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Buying a stairway to heaven?

Filed under: — david @ 29 May 2006

Just in the last year or so, a new type of scheme for reducing personal carbon emissions has appeared, the remarkably painless purchasing of “carbon offsets”. claims to neutralize a person’s CO2 footprint on the Earth for the low, low price of $99 per year, plus if you act now they will throw in an extra 5 tons for free! And you get a pen! Prices listed here range from $5-30 per ton of CO2 from a variety of similar organizations around the world. The average U.S. citizen is responsible for about 20 tons of CO2 release per year.

Compliance with Kyoto, a mere 5% reduction in carbon emissions, was forecast by Nordhaus [2001] to cost a few percent of GDP globally. The cost to stop emission completely and immediately may not even be calculable. promises zero net emissions, for a fraction of 1% of the average U.S. income. Can this possibly be real, or are we talking indulgences and snake oil?
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Positive feedbacks from the carbon cycle

Filed under: — david @ 27 May 2006

Two papers appeared in Geophysical Research Letters today claiming that the warming forecast for the coming century may be underestimated, because of positive feedbacks in the carbon cycle. One comes from Torn and Harte, and the other from Scheffer, Brovkin, and Cox. Both papers conclude that warming in the coming century could be increased by carbon cycle feedbacks, by 25-75% or so. Do we think it’s time to push the big red Stop the Press button down at IPCC? More »

How Red are my Proxies?

Filed under: — group @ 24 May 2006

Guest commentary by David Ritson

Realclimate recently gave a detailed review of the issues surrounding the Von Storch et al. (2004) Science article that purported to show that the paleo-reconstructions of Mann et al. were invalid. Part of the review centered on a comment of Wahl, Amman and myself and the response to it by Von Storch et al that appeared on April 27 in Science. The response admitted that our critique of their original results was correct but then opened up a new area of debate. As in their original 2004 article von Storch et al had used a coupled climate model (AOGCM) to simulate the temperatures of the last two thousand years. They had then generated pseudo-proxies by adding noise at selected spatial locations to the AOGCM generated temperature histories. The added noise was purportedly designed to represent non-climatic effects such as disease or insect infestation. This simulated ‘noisy’ world then can be used as a test-bed for the reconstruction methodology. A given analysis procedure is validated if it successfully recovers the original AOGCM noise free results and could be rejected if it fails to recover the original results. Of course such testing only makes sense if the simulated test world has characteristics similar to the real-world. More »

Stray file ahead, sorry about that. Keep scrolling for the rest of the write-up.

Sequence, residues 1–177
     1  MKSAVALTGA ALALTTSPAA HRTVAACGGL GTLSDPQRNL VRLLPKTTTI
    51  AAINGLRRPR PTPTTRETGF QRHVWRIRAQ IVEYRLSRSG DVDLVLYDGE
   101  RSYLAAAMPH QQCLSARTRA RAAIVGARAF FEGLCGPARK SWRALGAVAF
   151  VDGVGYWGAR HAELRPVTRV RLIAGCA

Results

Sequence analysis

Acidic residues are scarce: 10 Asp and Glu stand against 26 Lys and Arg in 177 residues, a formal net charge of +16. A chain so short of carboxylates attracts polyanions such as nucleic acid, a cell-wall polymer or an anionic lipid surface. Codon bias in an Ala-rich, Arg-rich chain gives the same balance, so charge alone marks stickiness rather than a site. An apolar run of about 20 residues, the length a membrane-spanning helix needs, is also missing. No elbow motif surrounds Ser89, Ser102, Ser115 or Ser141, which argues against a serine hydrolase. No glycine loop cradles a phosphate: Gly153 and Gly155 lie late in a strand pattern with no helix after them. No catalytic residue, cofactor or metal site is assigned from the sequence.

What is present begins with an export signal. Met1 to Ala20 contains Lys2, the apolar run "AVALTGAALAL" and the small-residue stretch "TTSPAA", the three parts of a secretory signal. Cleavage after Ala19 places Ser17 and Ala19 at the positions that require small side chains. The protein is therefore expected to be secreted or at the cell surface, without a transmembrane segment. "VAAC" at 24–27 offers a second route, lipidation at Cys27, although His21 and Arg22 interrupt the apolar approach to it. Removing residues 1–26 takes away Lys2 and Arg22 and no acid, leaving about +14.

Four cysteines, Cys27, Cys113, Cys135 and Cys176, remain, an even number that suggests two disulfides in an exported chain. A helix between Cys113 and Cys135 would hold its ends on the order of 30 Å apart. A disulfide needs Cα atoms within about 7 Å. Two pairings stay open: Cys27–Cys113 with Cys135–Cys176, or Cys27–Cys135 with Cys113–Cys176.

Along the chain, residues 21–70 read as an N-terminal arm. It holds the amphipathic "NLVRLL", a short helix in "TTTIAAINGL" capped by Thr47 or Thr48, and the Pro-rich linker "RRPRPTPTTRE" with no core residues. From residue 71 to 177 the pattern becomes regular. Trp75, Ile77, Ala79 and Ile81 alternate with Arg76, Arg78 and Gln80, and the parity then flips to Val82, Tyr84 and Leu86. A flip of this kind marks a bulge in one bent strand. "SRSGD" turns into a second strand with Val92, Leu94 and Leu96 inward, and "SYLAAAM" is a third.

More on the Arctic

Filed under: — mike @ 22 May 2006

By Michael Mann & Phil Jones (guest)

Svalbard, an Arctic island in the Northern North Atlantic, is predicted to warm considerably more than most of the rest of the earth in many model-based scenarios. See for example the figure to the right, which represents a relatively high-end IPCC Third Assessment Report scenario for the projected surface temperature difference between the period 2071 -2100 and 1961-1990. Svalbard is the island north of Norway at about 80N between 15-30E.

The enhanced warming in this region is related to the issue of polar amplification that we have discussed previously on RC. It also happens that the Svalbard meteorological station is the 2nd station in the World Meteorological Organization (WMO) meteorological station list. This means that it tends to get noticed. The Climatic Research Unit (CRU) of the University of East Anglia maintains one prominent version of the global surface temperature data set and as part of its routine quality control, CRU flags any unusual (anomalous warm or cold) new measurements that come in. Svalbard has now been flagged consistently over the past several months, but the values have been confirmed as accurate by the Norwegian Met Service, which operates the Svalbard station.
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Thank you for emitting